United States District Court, S.D. Indiana, Terre Haute Division
ENTRY DENYING PETITION FOR WRIT OF HABEAS CORPUS
WILLIAM T. LAWRENCE, District Judge.
Gerald Brown seeks a writ of habeas corpus pursuant to 28 U.S.C. § 2241 with respect to his conviction and sentence in the Eastern District of Wisconsin for armed bank robbery and firearm offenses. For the reasons explained in this Entry, Brown's habeas petition must be denied and this action dismissed.
Brown was convicted in 2006 in the Eastern District of Wisconsin of armed bank robbery, in violation of 18 U.S.C. § 2113(a) and (d), and brandishing a firearm during a crime of violence, in violation of 21 U.S.C. § 924(c)(1)(A)(ii). Brown pled guilty and was sentenced as a career offender pursuant to U.S.S.G. § 4B1.1 to an aggregate term of imprisonment of 224 months. Brown did not appeal his conviction and sentence. He did, however, seek post-conviction relief pursuant to 28 U.S.C. § 2255. In that motion, Brown argued (1) that his attorney was ineffective by failing to challenge his status as a career offender and for pressuring him to plead guilty; (2) that 28 U.S.C. § 994(h) is discriminatory and violates the Fifth Amendment because it authorizes notices pursuant to 21 U.S.C. § 851 for prior drug convictions but does not require similar notice for violent crimes such as bank robbery; and (3) the application of 18 U.S.C. § 924(c) to offenses such as 18 U.S.C. § 2113, which has its own weapons enhancement, violates the Constitution and congressional intent. All of Brown's arguments were rejected and Brown's Section 2255 motion was denied on October 6, 2008. See Brown v. United States, 2:07-cv-1104 (E.D. Wisc. 2008) (unpublished).
Brown then filed the present petition for a writ of habeas corpus pursuant to 28 U.S.C. § 2241.
A motion pursuant to 28 U.S.C. § 2255(a) is the presumptive means by which a federal prisoner can challenge his conviction or sentence. See Davis v. United States, 417 U.S. 333, 343 (1974). "Section 2255(h) generally limits federal prisoners to one round of collateral review." Turner v. United States, 2013 WL 2407560 (E.D.Wis. May 31, 2013)(citing Hare v. United States, 688 F.3d 878, 881 (7th Cir. 2012)). "The essential point is that a prisoner is entitled to one unencumbered opportunity to receive a decision on the merits." Potts v. United States, 210 F.3d 770 (7th Cir. 2000).
"A federal prisoner may use a § 2241 petition for a writ of habeas corpus to attack his conviction or sentence only if § 2255 is inadequate or ineffective.'" Hill v. Werlinger, 695 F.3d 644, 645 (7th Cir. 2012) (quoting 28 U.S.C. § 2255(e)). The Court of Appeals for the Seventh Circuit has held that Section 2255 is only inadequate or ineffective when three requirements are satisfied: (1) the petitioner relies on a new case of statutory interpretation rather than a constitutional decision; (2) the case was decided after his first Section 2255 motion but is retroactive; and (3) the alleged error results in a miscarriage of justice. See Brown v. Caraway, 719 F.3d 583, 586 (7th Cir. 2013); Brown v. Rios, 696 F.3d 638, 640 (7th Cir. 2012). In Hill, the Seventh Circuit reiterated: "Inadequate or ineffective' means that a legal theory that could not have been presented under [Section] 2255 establishes the petitioner's actual innocence.'" 695 F.3d at 648 (citing Taylor v. Gilkey, 314 F.3d 832, 835 (7th Cir. 2002); In re Davenport, 147 F.3d 605, 608 (7th Cir. 1998)).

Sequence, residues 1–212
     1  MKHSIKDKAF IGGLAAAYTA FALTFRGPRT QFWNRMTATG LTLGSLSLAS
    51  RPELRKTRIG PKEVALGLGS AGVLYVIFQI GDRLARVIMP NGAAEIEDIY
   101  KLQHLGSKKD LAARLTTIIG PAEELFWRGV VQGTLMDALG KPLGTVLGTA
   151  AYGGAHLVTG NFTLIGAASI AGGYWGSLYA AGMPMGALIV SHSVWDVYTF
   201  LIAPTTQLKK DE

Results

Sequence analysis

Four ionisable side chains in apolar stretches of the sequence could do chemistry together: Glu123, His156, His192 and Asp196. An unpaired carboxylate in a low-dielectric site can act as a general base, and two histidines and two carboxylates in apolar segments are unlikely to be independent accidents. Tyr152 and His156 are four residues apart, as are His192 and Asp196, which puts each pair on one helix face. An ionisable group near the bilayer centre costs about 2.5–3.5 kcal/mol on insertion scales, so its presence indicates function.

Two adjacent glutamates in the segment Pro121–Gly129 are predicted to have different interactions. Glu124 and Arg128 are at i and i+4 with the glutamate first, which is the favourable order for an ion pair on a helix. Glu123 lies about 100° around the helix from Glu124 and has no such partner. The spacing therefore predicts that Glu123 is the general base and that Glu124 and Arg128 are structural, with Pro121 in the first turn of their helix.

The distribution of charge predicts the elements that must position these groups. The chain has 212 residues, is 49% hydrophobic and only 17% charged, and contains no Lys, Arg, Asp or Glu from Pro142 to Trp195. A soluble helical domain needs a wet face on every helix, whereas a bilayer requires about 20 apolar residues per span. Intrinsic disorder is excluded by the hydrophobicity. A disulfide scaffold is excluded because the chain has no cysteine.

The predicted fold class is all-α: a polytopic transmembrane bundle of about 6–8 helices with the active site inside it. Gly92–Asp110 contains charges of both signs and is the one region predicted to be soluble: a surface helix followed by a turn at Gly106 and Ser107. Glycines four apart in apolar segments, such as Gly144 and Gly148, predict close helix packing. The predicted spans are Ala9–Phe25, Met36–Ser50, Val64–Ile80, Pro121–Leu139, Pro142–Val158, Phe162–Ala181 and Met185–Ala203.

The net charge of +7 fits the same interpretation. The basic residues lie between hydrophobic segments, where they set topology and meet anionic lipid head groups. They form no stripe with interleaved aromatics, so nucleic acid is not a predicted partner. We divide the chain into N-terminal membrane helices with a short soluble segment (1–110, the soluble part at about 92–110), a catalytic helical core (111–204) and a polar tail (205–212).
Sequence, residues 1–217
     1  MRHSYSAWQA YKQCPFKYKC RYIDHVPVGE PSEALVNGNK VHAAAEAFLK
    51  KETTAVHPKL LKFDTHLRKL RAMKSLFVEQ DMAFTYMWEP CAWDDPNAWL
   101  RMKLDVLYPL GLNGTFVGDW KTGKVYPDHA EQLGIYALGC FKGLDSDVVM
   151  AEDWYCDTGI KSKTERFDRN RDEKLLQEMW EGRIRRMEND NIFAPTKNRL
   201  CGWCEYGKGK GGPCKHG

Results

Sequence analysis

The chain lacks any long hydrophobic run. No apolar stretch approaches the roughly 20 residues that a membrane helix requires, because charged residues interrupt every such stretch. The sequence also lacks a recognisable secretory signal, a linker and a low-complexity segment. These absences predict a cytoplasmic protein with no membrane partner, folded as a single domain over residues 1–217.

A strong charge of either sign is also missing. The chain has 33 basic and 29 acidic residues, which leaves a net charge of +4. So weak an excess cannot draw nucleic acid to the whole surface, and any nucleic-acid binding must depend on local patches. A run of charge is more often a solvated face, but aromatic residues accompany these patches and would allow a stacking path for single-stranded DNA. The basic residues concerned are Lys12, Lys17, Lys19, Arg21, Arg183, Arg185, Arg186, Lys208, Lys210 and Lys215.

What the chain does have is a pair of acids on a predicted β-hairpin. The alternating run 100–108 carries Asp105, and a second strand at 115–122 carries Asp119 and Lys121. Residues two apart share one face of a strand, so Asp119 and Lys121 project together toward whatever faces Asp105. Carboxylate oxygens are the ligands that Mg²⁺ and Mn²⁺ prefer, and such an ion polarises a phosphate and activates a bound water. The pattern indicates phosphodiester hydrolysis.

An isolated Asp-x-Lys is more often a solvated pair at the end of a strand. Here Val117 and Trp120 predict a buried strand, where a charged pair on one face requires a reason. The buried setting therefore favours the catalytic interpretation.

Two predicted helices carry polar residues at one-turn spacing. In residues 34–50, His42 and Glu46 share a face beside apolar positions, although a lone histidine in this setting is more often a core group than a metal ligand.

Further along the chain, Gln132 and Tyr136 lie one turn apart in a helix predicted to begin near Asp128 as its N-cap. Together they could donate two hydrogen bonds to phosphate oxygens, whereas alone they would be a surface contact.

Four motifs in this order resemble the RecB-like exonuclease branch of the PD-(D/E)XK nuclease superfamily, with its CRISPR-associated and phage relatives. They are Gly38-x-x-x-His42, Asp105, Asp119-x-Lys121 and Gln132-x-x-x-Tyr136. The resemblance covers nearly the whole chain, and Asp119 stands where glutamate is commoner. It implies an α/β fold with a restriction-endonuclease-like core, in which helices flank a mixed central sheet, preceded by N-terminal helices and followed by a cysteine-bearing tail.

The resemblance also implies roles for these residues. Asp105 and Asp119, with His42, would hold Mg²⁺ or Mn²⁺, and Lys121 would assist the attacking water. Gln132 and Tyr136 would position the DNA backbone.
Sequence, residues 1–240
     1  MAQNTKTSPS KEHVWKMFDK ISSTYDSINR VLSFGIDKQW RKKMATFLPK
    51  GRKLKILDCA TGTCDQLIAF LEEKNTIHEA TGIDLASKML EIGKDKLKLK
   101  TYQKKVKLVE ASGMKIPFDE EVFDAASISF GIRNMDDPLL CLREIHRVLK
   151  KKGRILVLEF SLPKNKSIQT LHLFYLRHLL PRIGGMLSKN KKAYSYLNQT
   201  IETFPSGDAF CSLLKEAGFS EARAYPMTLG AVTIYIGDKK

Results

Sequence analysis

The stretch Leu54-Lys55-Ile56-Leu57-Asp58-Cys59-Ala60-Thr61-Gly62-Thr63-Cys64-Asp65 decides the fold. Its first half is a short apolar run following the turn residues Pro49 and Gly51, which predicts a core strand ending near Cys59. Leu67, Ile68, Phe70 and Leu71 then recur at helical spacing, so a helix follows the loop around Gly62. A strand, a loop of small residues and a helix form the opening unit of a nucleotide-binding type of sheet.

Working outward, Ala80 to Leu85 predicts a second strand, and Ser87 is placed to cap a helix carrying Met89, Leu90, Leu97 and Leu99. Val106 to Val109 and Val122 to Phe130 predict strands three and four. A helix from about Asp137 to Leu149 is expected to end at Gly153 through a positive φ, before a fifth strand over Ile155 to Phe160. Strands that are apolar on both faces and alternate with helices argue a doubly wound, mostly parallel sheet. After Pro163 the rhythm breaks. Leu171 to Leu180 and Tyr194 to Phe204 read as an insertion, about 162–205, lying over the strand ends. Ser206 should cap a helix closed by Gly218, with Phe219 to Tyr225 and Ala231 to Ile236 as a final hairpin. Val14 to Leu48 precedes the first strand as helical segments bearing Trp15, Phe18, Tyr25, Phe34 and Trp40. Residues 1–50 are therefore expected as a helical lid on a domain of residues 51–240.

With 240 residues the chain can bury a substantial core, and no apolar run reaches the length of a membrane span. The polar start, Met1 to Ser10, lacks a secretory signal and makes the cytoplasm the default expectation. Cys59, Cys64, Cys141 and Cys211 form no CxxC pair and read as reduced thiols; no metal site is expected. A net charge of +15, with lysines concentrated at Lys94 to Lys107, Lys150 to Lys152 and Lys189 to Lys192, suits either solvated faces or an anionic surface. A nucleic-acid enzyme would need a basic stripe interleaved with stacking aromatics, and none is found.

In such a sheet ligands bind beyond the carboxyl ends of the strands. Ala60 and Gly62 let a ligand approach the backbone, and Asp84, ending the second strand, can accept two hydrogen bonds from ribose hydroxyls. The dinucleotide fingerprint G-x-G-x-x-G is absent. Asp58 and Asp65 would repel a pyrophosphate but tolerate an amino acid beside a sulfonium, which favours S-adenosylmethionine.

Brown argues that his petition satisfies requirement that § 2255 is inadequate or ineffective based on Descamps v. United States, 133 S.Ct. 2276 (2013), which was decided after his § 2255 motion. Based on Descamps, Brown claims that he is "actually innocent' of the career offender enhancement" and that the court erred when it sentenced him under U.S.S.G. § 4B1.1.
Brown has not shown that § 2255 is inadequate or ineffective here to resolve his claim that the career offender enhancement was improperly applied to him. In fact, Brown did present the argument that his counsel was ineffective for failing to challenge his status as a career offender in his § 2255 motion. Brown argues that the Descamps opinion presents a new case of statutory interpretation applicable to his sentence. Brown's reliance on Descamps, however, is not sufficient to show that § 2255 is in adequate or ineffective. As the Seventh Circuit has pointed out, the Supreme Court has not made Descamps retroactive to cases on collateral review. Groves v. United States, 755 F.3d 588, 593 (7th Cir. 2014).
For the foregoing reasons, Brown has failed to show that he is entitled to relief pursuant to 28 U.S.C. § 2241. His ...